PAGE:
Changing the law to give so-called "tied" pubs more choice over what they sell could help create more jobs in the brewing industry and licensed trade, Labour has claimed.

MSP Neil Bibby has put forward draft proposals in a bid to help pub landlords who have a "tied" arrangement with large companies that own them, often known as "pubcos".

These require landlords to buy some or all of their products from the "pubco", which can restrict the choice of beer, cider, wine and spirits for drinkers, and can force pub tenants to sell more expensive drinks.

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More relaxed rules were introduced in England and Wales from May 2016 and while there is a voluntary code in place in Scotland, critics say this does not go as far as the statutory arrangements south of the border.

The Campaign for Real Ale (Camra) has claimed Scottish Government inaction on the issue is "letting the pubs sector down".

West of Scotland MSP Mr Bibby has put forward proposals for a member's bill, with a consultation on the issue due to open on February 20.

He said his planned Tied Pubs (Code and Adjudicator) (Scotland) Bill aimed to provide "fairness for Scotland's publicans, greater choice for pub customers and an opportunity to protect and create jobs in Scotland's pub and brewing industry".

Scotland has an estimated 1,000 "tied" pubs and Mr Bibby added: "Pub tenants should have the ability to opt out of the tied arrangements if they wish.

"I know from speaking with tied pub tenants in my own area in the west of Scotland how one-sided these arrangements can be.

"Access to a fair and reasonable market rent for premises, without strings attached, should be a right for Scottish publicans.

"They will then be free to source and purchase products as they see fit, on the same basis as other pubs in Scotland, and pubs in England and Wales."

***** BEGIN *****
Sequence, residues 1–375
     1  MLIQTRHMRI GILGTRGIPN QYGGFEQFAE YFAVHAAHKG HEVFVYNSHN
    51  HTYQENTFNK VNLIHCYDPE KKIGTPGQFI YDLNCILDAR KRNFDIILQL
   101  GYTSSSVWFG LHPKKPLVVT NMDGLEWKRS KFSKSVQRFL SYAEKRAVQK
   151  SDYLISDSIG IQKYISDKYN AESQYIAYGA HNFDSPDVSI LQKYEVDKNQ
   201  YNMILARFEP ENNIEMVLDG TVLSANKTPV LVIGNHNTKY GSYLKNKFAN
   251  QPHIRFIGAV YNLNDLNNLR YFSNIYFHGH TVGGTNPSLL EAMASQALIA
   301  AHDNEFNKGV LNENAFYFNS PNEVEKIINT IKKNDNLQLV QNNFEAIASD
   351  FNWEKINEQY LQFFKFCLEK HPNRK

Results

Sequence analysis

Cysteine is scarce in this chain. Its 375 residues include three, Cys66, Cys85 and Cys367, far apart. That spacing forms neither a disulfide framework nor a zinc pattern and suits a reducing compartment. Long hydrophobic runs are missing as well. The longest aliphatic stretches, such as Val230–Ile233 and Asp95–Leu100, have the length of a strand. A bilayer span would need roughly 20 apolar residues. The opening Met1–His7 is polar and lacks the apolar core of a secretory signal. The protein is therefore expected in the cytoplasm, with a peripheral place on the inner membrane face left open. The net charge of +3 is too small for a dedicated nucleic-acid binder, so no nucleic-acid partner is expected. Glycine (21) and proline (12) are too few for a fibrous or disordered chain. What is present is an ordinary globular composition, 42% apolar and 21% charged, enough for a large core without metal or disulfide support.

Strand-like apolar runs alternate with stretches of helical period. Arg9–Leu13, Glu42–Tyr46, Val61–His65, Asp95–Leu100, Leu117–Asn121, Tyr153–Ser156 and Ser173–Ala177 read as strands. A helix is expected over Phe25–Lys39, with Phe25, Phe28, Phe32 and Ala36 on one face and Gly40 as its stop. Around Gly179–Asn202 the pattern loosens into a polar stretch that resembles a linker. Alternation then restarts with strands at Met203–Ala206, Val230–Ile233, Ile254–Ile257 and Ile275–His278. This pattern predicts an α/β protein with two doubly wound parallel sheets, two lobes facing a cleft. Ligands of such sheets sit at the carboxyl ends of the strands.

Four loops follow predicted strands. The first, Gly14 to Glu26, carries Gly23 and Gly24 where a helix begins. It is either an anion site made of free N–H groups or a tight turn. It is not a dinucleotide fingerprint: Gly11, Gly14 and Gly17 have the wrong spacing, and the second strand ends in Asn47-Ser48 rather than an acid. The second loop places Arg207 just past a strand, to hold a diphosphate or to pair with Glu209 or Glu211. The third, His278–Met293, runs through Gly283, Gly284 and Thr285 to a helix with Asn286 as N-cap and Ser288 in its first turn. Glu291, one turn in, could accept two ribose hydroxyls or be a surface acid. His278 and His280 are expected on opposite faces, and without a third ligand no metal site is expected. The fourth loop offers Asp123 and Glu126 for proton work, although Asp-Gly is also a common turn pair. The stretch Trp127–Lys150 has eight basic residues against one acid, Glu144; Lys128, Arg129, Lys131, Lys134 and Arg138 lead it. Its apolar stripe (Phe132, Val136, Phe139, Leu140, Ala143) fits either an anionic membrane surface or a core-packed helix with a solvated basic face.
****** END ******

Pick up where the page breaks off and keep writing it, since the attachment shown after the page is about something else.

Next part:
Camra national chairman Colin Valentine said he expected the consultation will "paint a picture of pubs struggling to survive across Scotland, with examples of large pub companies taking more than is fair or sustainable from individual publicans' profits".

He added: "The Scottish Government's inaction on this issue is letting the pubs sector down.

"Pubs in Scotland deserve the same level of protection as they have in England and Wales, and we hope this new research will persuade the Scottish Government to make the appropriate reforms."

Paul Waterson, chief executive of the Scottish Licensed Trade Association, said: "It is only fair that Scottish tenants are afforded the same rights and safeguards as their counterparts in England and Wales."

Martin Doran, of the GMB Scotland union, said that "by tackling the pubco giants, it can deliver fairness for tied pubs tenants, give more choice for punters and help create a more level playing field for Scottish brewers".

A Scottish Government spokeswoman said: "The vast majority of pubs in Scotland are freehold, rather than tied tenancies, unlike in England and Wales.

"A study last year could not find evidence that any one part of Scotland's pub sector was unfairly disadvantaged in relation to another.

"Scottish ministers are still considering this issue and will meet with a wide range of relevant parties over the coming months to get their views in line with one of the recommendations from the study."

Business minister Paul Wheelhouse has already pledged to meet Mr Bibby to discuss the issues.